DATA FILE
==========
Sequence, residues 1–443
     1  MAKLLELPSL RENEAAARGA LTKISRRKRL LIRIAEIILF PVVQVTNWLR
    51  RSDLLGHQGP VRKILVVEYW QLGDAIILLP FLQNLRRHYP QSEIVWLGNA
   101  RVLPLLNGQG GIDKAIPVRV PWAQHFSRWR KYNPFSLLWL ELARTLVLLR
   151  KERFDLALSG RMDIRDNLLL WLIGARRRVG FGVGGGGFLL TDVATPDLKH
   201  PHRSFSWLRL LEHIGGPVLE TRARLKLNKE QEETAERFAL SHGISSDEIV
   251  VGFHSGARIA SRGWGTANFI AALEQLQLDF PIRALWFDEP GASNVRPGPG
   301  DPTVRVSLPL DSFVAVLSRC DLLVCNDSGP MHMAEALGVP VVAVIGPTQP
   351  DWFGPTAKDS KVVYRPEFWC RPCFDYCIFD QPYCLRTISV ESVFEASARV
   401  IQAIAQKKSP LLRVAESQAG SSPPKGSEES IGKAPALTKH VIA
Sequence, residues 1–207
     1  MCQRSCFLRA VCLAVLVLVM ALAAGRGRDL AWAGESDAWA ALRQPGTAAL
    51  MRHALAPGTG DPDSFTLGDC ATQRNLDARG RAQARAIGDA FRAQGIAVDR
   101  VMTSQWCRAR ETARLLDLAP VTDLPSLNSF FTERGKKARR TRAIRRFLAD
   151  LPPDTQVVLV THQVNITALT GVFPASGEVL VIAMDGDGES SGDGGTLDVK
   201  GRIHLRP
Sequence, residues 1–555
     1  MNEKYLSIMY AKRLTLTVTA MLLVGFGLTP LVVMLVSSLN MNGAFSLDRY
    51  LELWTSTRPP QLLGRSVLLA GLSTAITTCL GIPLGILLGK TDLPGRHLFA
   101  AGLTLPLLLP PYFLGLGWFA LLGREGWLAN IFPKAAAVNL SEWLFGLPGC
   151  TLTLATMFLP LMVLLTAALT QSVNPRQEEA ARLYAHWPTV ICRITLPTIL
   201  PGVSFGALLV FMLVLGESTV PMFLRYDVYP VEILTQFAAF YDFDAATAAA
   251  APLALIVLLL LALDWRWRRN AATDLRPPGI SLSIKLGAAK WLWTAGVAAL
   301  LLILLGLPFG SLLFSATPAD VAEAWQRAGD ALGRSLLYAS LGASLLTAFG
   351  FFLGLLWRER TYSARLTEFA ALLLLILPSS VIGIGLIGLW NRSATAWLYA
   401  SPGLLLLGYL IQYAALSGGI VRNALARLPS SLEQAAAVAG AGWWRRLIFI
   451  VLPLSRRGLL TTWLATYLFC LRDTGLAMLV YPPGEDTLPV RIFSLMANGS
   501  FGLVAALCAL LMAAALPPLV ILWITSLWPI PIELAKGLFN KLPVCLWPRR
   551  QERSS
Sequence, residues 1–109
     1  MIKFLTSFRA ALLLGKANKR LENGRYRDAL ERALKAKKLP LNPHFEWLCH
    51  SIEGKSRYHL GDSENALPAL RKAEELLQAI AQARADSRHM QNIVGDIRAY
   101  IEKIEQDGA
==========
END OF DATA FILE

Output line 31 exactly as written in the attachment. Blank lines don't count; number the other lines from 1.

     1  MIKFLTSFRA ALLLGKANKR LENGRYRDAL ERALKAKKLP LNPHFEWLCH